Short-term response of Cladonia lichen communities to logging and fire
in boreal forests.
Benoit Lafleur, Saliha Zouaoui, Nicole J. Fenton, Pierre Drapeau, Yves Bergeron.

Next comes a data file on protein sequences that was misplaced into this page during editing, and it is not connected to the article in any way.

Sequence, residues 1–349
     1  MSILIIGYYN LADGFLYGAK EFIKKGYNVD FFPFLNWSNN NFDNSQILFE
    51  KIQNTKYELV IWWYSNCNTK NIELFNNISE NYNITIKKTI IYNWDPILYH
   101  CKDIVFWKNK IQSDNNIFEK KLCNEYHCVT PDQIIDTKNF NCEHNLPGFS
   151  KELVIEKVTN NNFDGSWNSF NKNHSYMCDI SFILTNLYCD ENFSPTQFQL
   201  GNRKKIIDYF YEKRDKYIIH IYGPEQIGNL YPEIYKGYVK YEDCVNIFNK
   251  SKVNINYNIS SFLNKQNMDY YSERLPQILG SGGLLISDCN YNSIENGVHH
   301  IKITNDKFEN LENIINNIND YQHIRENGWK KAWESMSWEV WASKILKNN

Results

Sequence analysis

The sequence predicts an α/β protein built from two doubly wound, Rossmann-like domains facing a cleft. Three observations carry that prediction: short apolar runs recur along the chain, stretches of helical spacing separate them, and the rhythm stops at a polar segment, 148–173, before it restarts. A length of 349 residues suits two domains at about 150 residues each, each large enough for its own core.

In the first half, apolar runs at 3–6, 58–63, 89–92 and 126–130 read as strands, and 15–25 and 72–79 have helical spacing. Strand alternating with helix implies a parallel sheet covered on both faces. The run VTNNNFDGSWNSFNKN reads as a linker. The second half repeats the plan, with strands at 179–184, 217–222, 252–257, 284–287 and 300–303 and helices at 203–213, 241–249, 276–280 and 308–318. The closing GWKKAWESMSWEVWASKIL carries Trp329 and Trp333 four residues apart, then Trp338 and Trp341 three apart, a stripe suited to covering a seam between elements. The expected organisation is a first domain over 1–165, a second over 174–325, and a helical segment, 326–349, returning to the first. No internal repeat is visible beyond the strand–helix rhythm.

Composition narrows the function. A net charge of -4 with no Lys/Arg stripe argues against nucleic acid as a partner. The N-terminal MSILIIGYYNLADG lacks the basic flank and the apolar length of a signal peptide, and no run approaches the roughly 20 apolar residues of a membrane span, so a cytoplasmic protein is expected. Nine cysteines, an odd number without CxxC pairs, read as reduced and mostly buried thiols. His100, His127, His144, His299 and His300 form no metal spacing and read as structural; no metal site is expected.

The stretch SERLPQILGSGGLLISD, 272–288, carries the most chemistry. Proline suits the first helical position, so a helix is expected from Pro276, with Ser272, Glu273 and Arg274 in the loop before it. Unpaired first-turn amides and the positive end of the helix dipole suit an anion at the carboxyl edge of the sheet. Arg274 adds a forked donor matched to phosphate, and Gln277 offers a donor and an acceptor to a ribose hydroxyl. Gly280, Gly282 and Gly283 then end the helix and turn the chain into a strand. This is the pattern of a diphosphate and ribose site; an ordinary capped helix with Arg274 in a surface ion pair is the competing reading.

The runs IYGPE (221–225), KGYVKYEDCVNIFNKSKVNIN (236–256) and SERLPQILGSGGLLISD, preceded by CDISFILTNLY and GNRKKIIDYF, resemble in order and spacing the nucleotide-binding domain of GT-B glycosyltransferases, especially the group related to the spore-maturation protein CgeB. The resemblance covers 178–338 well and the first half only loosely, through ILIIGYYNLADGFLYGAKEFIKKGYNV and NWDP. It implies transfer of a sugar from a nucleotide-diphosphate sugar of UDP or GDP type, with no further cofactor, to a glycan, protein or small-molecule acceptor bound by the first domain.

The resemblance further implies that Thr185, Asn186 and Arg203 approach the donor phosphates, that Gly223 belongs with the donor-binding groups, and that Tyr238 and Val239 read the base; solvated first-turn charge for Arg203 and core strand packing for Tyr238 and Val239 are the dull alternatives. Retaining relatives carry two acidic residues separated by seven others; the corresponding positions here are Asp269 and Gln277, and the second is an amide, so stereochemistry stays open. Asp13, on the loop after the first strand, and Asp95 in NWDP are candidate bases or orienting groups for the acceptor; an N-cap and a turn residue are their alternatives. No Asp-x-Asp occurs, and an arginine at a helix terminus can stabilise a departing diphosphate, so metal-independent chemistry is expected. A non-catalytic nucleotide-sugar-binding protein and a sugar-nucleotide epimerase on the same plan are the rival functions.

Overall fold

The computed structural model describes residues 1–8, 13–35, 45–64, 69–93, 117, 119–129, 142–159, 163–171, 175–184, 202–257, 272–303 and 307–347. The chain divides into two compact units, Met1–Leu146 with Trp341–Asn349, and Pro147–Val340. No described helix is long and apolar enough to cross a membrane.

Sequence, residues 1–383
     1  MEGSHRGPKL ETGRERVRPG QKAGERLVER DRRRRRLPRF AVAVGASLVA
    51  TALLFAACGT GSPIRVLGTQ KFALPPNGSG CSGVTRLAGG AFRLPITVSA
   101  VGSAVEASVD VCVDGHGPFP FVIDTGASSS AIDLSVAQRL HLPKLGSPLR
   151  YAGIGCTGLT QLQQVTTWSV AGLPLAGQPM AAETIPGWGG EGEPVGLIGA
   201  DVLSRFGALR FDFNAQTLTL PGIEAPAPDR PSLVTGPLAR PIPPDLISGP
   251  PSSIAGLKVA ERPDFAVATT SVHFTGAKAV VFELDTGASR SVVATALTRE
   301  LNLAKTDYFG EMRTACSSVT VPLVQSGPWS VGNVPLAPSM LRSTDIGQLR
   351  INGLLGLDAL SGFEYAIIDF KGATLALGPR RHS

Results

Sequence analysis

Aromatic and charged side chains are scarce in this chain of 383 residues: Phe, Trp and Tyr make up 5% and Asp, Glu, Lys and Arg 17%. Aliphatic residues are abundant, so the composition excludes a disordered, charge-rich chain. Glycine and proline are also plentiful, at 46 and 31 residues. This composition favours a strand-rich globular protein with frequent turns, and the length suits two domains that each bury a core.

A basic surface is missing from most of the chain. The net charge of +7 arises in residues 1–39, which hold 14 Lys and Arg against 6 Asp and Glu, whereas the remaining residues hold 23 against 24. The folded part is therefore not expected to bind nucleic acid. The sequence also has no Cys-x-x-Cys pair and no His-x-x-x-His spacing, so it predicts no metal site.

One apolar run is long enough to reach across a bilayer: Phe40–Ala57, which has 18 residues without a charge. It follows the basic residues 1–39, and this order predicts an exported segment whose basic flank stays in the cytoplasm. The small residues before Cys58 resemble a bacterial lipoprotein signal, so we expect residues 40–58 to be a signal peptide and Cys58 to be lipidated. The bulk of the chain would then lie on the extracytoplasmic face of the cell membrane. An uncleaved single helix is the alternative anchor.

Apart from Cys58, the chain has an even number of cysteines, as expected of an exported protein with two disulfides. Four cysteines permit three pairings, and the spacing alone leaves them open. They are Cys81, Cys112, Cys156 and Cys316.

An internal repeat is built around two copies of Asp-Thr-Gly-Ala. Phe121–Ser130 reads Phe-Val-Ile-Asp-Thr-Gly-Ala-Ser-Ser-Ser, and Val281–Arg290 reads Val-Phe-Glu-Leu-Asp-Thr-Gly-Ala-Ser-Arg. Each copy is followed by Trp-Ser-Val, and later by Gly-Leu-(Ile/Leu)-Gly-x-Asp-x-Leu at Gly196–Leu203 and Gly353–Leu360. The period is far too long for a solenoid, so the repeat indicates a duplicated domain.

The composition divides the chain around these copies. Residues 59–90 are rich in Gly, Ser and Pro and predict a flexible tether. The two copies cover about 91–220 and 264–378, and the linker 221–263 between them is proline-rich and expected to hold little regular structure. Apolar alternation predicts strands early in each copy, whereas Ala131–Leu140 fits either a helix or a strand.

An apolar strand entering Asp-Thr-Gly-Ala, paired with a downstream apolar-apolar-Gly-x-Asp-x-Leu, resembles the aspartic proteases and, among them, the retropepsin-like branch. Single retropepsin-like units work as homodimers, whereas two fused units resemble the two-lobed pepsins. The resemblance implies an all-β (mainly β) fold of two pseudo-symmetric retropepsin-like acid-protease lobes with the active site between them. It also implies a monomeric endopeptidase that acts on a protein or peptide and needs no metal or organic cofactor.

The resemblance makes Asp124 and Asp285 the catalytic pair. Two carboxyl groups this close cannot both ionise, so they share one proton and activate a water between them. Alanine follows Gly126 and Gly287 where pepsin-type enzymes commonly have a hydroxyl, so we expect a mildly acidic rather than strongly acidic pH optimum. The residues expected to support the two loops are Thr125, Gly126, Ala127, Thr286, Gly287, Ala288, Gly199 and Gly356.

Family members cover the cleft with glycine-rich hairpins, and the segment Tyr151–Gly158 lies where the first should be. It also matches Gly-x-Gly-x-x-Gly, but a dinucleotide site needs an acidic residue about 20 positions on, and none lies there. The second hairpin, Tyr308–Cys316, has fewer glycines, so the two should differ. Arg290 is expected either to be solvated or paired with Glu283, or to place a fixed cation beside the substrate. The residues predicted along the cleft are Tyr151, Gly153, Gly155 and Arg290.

Fire is the major disturbance agent in boreal forests that initiates forest regeneration and succession, and plays a major role in determining the composition of terricolous lichen communities. In recent decades however, logging has become an important disturbance agent in boreal forests. In this context, growing concerns about logging effects on endangered species such as woodland caribou (Rangifer tarandus caribou) has emerged and drawn attention on how reindeer lichens (i.e. Cladonia arbuscula, Cladonia mitis, Cladonia rangiferina, Cladonia stellaris, and Cladonia stygia) respond to logging and fire given their importance as winter forage for caribou. We compared critical lichen habitat factors (i.e., forest floor thickness, tree height, and canopy closure) between fire and logged sites and evaluated how Cladonia lichen species richness, biomass, and ground cover were related to these habitat factors in the first decades following disturbance. We found no significant differences in habitat factors and no significant differences in lichen species richness or ground cover between logged and fire sites. However, Cladonia lichen biomass was significantly higher following logging. These results support the hypothesis that Cladonia lichens can persist following logging and suggest that forestry practices that include in their toolbox winter harvesting or machinery traffic restricted to specific trails are likely to preserve undisturbed forest floor habitat conditions with source populations of lichens.